Build in Australia
Given the weight of the evidence about the strategic,
military, national security and economic benefits, the committee recommends
that the government require tenderers for the future submarine project to
build, maintain, and sustain Australia's future submarines in Australia.
When selecting its preferred tenderer the government must
give priority to:
Australian content in the future submarines; and
proposals that would achieve a high degree of self-reliance in
maintaining, sustaining and upgrading the future submarines in Australia for
the entirety of their lifecycle.
The acquisition of future submarines is a large and complex design and
construction program, which demands personnel with unique skills and
capabilities augmented by practical experiences in this area of expertise. In
the committee considers whether Australia has the capacity to build submarines
if so, the advantages of a local construction. It also gives particular
attention to whether the future submarine, because of its vital importance to
Defence's capability and its complexity, should be built in Australia in order
to maintain it effectively throughout its operational life.
Expertise and skills in Australia
In March 2013, Defence published its Future Submarine Industry Skills
Plan, which was the result of a study on the current state of naval
shipbuilding in Australia, undertaken by an expert industry panel chaired by Mr
David Mortimer. The panel assessed the capacity of Australia's major shipyard
to deliver the ships in the Defence Capability Plan (DCP) including the future
submarines. It concluded that:
...Australia has a
strong cadre of people who can build complex systems and construct warships.
Australia has good skills in the development and integration of combat and
platform management systems. Australia has also developed world-leading
submarine-systems in areas such as electronic warfare and sonar. These skills
have been built up over several decades, benefitting from the continuity of
work and challenge of successive projects.
Shipyards have the
facilities to build the warships required, although some investment would be
required to develop launch points for the larger supply vessels.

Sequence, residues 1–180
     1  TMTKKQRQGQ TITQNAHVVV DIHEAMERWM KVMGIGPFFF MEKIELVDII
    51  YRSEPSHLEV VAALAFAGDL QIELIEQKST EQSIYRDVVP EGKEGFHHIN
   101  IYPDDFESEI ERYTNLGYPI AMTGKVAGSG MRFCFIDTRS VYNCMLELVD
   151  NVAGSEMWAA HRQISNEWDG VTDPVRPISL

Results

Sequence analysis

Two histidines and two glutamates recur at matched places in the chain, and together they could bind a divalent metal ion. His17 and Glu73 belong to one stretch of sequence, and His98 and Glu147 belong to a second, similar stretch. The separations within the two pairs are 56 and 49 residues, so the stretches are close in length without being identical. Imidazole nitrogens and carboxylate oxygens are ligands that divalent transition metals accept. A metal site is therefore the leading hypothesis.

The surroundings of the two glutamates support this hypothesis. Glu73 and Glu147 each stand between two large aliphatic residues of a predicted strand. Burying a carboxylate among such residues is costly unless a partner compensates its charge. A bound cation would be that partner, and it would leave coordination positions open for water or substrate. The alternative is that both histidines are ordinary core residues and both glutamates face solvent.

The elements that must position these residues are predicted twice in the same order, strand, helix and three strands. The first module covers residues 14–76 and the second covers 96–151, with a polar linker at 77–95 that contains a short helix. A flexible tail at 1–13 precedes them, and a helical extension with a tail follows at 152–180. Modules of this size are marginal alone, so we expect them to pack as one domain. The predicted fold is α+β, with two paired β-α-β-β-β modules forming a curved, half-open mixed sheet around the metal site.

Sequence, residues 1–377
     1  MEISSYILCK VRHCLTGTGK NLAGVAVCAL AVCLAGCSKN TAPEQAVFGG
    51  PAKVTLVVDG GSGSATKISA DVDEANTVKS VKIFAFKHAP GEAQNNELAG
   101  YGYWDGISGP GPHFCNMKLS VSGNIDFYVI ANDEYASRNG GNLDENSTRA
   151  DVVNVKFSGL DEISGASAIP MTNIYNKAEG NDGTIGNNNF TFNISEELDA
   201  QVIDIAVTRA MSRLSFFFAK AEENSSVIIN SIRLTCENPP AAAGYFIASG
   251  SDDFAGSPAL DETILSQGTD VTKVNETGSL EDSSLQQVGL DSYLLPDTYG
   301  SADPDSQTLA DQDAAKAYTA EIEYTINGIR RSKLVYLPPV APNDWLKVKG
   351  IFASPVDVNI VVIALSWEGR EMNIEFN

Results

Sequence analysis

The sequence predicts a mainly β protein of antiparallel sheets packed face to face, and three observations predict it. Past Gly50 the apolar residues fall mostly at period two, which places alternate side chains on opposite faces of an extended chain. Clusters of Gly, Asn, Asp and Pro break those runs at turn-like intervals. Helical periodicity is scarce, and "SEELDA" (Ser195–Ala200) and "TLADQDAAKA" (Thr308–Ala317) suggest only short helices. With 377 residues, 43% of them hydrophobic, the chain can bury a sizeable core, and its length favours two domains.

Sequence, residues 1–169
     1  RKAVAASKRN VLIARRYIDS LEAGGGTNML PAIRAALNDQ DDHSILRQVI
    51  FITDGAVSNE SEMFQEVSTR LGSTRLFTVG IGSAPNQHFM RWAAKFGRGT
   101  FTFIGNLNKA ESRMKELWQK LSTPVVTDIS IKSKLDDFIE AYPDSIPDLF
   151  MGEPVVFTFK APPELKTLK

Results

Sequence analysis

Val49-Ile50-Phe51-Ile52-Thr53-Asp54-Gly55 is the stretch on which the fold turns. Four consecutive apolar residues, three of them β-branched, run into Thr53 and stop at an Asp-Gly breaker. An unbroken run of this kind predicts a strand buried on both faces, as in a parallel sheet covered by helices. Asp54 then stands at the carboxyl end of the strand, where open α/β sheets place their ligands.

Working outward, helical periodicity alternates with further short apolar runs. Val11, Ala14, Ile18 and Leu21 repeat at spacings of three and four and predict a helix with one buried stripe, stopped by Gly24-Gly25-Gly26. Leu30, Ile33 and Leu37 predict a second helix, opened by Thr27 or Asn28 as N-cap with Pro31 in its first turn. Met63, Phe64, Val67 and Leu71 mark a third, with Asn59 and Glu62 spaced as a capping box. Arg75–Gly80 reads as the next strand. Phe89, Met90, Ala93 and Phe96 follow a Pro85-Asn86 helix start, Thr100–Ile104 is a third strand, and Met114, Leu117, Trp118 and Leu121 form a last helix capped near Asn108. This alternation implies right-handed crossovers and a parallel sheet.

Capability and capacity
Most witnesses disagreed strongly with claims that Australia did not
have the capacity or capability to build the ships in Australia. Many drew on
the Collins experience to demonstrate that a submarine workforce could be built
up from a low base. Moreover, some argued forcefully that Australia was in a
better position today
to start a submarine build program than it was almost 30 years ago for the
For example, Mr Whiley noted the knowledge that had developed over the
last 25 years, which began with 'approximately 150 ASC engineers and designers
embedded in Kockums, the original Swedish Collins class designer, working on
Australia's first-of-class submarine'. From this engineering base, ASC
a through-life support engineering capability for the submarine. Mr Whiley
explained that it was able to do so because ASC was intimately involved in the
original design and build process.
Australia is much
better prepared than it was in the 1980s, when it was decided to design and
build Collins. Since then we have learned and achieved so much. We have
developed a quarter of a century of submarine capability and knowledge. We have
developed key technical and supply chain capability across Australia and we
have learned to work together effectively as one team and we are now ready to
help deliver the separate solution for the future.
While the Submarine Institute of Australia (SIA) noted that submarines
were costly and required advanced levels of skills to operate and sustain, it
drew attention to the combined effort that had gone into developing a
formidable submarine force in Australia.
Commander Frank Owen similarly pointed out that Australia had invested a lot in
its capacity to sustain and upgrade its submarines and was justified in feeling
very proud of the result.
The committee has detailed the problems that beset the Collins class
submarine until recently.
The committee has noted, however, the strides that ASC have taken to improve
its performance on the Collins sustainment program since Coles commenced his
review in 2011.
Mr Andrew Sudholz, who has worked at ASC for almost 23 years and started
as a rigger, noted the 'fantastic changes in the infrastructure of the
submarine facility' that have come online in the last few months making ASC
much more efficient.
He noted that the full-cycle docking of HMAS Farncomb was 'on track to
be completed in half the time it has taken in the past'.
Indeed, committee members saw this work taking place during its site visit to
ASC, Osborne. Members toured the three-storey dry dock maintenance support
tower that replaced the old scaffolding. This innovation allows workers easier
access to the submarines and has provided
a definite boost to productivity. Mr Sudholz indicated that:
The learning achieved
and experience gained in the Collins project leaves me in no doubt whatsoever
that, given the right design, the next generation of submarines can be built
here in Adelaide efficiently, delivering a product which will give the
Australian Navy the capability it needs to keep this amazing nation secure.